Suddenly you are missing Bethnal Green Road. The salwar-suit shops, the off license 24-hour grocery stores, the English Premier League odds scribbled in chalk marking what kind of a reception which team will get tonight from the dedicated fans, the half kilo bhindi and everything else. Imagine!
What could induce this acute sense of nostalgia, you ask. A slice of bad pizza, a conversation on the ‘poor PR’ being done by the guys behind UID, and the general sense of moroseness that descends when one is trapped in a shopping mall that is trying to be Oxford Street, London or Soho, New York anything but Pushp Vihar, Saket. Possibly. Or maybe it is the passing reference to graffiti in East London that someone mentions reading about in the inflight magazine as the plane soared to 30,000 feet.
And so, while the drinks are being sipped and the forks pick an indifferently diced cucumber now and a mercilessly torn rocket leaf then. The mind has already passed the Regent’s canal, has crossed the tube station and is walking straight down Bethnal Green Road towards Brick Lane. No, not the Brick Lane of the novel, or of the film based on the novel. More like Brick Lane of the Saturday nights- of the impossibly asymmetrical hairstyles, people spilling onto the pavement along with their drinks, the music, the organic food, the vintage cloth stores and yes, even the graffiti. Ok also, Brick Lane of the daytime where a slice of 1980’s India is preserved in the form of brass decoration vases, Manipuri and Bhangra dance dolls, the smell of rose incense and Mohammad Rafi (or Mohammad Aziz) songs blaring from what one hopes are Phillip cassette players. Where one goes to in the futile search for the “perfect” curry. That mythical thing every Londoner can almost taste but not quite grasp.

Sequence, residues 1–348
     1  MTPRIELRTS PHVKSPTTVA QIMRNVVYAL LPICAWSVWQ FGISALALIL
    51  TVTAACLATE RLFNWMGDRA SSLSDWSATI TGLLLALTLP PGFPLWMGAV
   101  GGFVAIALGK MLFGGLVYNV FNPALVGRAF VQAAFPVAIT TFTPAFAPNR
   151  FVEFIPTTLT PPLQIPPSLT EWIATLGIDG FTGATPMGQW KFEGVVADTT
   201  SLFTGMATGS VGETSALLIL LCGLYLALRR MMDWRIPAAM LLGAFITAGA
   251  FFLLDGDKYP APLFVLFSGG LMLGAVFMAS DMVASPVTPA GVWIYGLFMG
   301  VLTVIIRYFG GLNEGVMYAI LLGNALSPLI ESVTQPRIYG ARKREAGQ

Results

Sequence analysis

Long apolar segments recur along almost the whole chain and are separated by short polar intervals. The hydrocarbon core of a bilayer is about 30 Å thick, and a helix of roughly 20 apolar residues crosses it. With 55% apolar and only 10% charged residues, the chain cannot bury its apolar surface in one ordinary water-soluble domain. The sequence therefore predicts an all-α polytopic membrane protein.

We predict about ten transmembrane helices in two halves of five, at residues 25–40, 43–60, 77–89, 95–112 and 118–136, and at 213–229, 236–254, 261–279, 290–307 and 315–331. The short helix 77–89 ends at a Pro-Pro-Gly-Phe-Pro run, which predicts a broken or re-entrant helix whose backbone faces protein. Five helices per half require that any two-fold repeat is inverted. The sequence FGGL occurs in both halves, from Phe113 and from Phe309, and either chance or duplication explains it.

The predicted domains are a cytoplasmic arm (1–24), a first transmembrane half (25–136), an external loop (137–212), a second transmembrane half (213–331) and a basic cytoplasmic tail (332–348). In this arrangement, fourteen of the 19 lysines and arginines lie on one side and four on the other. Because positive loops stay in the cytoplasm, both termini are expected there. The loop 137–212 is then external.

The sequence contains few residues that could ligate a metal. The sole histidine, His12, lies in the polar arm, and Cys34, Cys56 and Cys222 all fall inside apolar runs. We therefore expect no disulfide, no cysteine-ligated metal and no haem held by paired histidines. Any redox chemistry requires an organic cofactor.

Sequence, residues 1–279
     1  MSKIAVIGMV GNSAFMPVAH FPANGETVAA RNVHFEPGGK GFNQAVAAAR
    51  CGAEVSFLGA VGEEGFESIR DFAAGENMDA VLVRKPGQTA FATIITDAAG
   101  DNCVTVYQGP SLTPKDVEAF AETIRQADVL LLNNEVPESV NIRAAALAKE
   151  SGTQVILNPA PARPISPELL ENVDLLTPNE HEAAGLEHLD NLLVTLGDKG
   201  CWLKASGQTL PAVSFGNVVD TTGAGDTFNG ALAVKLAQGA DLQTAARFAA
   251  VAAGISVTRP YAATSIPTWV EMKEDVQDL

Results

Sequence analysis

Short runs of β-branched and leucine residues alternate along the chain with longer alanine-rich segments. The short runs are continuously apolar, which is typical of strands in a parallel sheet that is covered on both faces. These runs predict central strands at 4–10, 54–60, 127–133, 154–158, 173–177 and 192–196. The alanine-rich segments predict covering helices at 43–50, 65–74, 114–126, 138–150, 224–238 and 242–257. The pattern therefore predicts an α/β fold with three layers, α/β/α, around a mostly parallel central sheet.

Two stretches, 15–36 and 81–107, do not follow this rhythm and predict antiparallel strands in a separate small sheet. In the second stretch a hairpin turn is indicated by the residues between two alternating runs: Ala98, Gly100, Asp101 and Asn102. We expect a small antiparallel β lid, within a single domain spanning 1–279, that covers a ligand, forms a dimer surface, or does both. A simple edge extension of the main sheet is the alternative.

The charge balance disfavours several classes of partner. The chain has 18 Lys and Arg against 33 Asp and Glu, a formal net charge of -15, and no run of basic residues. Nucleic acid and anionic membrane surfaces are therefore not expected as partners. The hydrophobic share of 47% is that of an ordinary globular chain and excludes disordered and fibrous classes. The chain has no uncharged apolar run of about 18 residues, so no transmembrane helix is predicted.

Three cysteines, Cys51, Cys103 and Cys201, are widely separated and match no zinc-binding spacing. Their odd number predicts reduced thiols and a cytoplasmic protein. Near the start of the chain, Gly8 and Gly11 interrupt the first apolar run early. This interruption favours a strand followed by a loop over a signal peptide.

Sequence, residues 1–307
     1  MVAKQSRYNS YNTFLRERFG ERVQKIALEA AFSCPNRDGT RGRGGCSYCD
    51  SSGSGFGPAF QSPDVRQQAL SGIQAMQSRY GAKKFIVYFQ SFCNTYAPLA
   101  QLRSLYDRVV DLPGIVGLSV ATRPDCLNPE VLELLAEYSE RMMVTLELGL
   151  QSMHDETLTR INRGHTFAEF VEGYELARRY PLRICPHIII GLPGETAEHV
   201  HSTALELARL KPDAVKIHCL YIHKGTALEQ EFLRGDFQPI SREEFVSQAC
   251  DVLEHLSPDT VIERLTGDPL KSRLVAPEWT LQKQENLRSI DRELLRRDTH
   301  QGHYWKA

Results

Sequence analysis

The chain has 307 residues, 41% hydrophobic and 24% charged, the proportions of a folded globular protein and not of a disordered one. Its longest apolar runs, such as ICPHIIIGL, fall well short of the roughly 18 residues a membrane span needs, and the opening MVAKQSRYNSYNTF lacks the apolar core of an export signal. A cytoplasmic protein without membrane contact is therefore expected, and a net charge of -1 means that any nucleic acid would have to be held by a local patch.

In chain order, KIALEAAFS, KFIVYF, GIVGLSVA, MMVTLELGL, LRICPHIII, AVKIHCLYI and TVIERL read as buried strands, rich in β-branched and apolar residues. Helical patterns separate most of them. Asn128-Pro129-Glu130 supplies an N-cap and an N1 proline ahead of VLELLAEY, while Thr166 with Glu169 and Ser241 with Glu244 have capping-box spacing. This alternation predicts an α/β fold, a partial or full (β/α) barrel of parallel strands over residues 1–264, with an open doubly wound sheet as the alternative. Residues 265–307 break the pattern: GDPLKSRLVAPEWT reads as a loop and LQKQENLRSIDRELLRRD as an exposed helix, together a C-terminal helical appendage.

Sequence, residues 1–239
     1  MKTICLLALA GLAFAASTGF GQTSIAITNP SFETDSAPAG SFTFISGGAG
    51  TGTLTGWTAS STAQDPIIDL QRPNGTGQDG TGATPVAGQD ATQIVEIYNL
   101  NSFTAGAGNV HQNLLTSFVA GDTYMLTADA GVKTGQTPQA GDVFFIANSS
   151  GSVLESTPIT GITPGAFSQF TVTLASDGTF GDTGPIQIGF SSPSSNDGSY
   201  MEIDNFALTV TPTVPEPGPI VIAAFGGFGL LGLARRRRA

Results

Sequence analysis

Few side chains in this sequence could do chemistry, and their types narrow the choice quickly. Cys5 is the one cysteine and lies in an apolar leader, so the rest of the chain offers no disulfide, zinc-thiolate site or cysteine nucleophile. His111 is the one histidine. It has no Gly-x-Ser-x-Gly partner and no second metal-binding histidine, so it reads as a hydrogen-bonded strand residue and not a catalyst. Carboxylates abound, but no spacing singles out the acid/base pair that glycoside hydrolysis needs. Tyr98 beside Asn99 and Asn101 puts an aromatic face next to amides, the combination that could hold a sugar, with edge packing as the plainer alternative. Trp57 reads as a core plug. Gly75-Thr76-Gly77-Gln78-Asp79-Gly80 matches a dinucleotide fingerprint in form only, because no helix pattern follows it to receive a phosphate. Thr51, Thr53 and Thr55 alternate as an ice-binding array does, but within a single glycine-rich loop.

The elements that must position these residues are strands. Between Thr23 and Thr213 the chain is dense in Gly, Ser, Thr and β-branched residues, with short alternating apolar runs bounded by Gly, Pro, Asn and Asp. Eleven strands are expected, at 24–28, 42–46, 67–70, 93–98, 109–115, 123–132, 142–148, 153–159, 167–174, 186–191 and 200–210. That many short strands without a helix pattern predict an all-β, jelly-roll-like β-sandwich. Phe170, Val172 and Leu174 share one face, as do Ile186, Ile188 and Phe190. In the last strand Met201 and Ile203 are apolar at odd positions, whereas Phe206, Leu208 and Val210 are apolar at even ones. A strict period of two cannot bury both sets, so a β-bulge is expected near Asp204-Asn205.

All this is nostalgic now! You might argue: It's never safe to be nostalgic about something until you're absolutely certain there's no chance of its coming back.* And one might say: Distance not only gives nostalgia, but perspective, and maybe objectivity.** Why should nostalgia always be equated with longing, when sometimes it is merely reminiscence; a pleasing reflection, a fond evocation? Something that gently lifts you up. You may end up hanging in a limbo but admit it- isn’t the view great?